We learned early on that parenting is difficult no matter where we are. Everyday life becomes muddled with difficult choices. Choices that can literally alter the course of your child’s life. If we aren’t in a positive, healthy space as parents how then can we be confident in the decision making process where our children are concerned. Studies have shown the positive impact participating in outdoor recreation has on adults and children alike. It improves self-esteem, self-efficacy, and self-confidence. As parents we are constantly second guessing ourselves. Did we chose the right preschool? Does he eat enough veggies? Do we encourage enough independent play? Do we read enough? Are we exposing her to different cultures appropriately? I still remember those first terrifying and uncertain weeks after the birth of Jack. We had no clue what we were doing. But, we packed him (and a ridiculous amount of gear) in our car and headed for the mountains. Regardless of our location we knew parenting would be hard. In the quiet and calm of the woods life slows down, conversation flows, and quality time as a family is the focus. Our fears, worries, and uncertainties seem to fade into the background as we hike, bike, or canoe. Our confidence in ourselves and the choices we are making as parents grows with each passing mile. Mother Nature can be one of our biggest educators. Within her embrace we have come to realize how small we are, just single beings involved in something so much bigger than ourselves. In nature you see how interconnected everything is. How each living organism plays its role and has a meaningful purpose. We too have a role to play and an important purpose in this world and we have sought the refuge and quiet of the woods to find, deep within ourselves our own purposes. It is within the woods that Bobby and I find so many answers through our conversations, through the quiet periods of personal reflection, through watching, really watching, our children as they explore, interact, and grow as they hike along with us
It has become somewhat of a life mission for Bobby and I to break down the stereotypes around outdoor recreation with children. We speak to many parents encouraging them to explore, sharing our experiences, passing on our ideas and opinions. It’s time for all parents to get outside with their children. Don’t let your fear, your exhaustion, your own uncertainty stop you from experiencing life with your children.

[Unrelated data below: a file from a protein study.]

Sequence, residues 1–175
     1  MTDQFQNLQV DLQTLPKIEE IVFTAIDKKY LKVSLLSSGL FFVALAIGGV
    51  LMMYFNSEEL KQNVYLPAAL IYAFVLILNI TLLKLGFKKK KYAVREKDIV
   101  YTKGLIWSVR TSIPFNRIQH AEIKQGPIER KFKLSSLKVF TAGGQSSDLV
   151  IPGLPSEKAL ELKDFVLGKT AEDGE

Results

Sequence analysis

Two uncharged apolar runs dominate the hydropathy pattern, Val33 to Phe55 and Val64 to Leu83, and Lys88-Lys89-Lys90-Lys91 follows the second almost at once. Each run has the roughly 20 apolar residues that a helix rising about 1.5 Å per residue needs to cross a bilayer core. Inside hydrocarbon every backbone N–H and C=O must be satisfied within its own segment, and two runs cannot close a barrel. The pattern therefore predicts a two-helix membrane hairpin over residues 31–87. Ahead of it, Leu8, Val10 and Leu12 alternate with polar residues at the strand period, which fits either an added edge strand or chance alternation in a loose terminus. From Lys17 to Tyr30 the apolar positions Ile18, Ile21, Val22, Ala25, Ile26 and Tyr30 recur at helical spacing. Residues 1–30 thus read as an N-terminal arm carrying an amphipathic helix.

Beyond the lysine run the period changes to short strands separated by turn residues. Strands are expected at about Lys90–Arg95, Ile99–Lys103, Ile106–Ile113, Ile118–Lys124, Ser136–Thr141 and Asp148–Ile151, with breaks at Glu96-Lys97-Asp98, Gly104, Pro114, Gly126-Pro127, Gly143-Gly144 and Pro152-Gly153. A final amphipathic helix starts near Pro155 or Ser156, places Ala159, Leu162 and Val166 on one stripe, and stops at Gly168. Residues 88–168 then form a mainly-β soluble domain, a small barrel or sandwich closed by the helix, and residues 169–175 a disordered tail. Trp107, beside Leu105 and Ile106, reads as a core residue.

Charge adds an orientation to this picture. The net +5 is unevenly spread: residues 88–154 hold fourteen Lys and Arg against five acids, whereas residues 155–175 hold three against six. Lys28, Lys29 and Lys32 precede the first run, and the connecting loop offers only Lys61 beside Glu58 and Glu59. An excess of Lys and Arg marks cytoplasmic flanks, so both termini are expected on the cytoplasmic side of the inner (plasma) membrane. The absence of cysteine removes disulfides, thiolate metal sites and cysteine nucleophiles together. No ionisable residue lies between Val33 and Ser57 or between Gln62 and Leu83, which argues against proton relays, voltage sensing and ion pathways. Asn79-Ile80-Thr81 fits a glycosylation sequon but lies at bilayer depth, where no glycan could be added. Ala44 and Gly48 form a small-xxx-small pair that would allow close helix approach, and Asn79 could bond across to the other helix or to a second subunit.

This August we are setting off on our biggest adventure ever. We will be spending 3-4 weeks biking, canoeing, camping, and backpacking from the Mississippi River in Grand Rapids, MN to Lake Superior near Grand Portage. We’re calling our route The Arrowhead Traverse as it crosses the Minnesota arrowhead.
First section: Biking Our trip begins with us biking around 65 miles on the Mesabi Trail through the Iron Range. The trail will one day take cyclists from Grand Rapids all the way to Ely but it has yet to be completed. So, we will be doing the completed portions as we don’t want to risk road biking with the kids.
Second section: Canoeing Next we will head to the Boundary Waters Canoe Area Wilderness (BWCA) putting in at Moose Lake and finishing at Saganaga Lake. We will most likely utilize some tows on the larger open water to avoid getting caught in wind with two small children in the boat.
Third section: Backpacking The final leg of our trip will be a hike along the 65 mile Border Route Trail following the US/Canada border. This trail is known for its beautiful cliffs and overlooks that provide sweeping views into the Boundary Waters and Quetico.
As we embark on this trek it is our hope to make a documentary film about our journey. We are by, no means, experts on any of this and want to portray what really happens on an extended trek with kids along. We sincerely hope that you will follow along as we stumble our way through what is sure to be an incredibly memorable trip.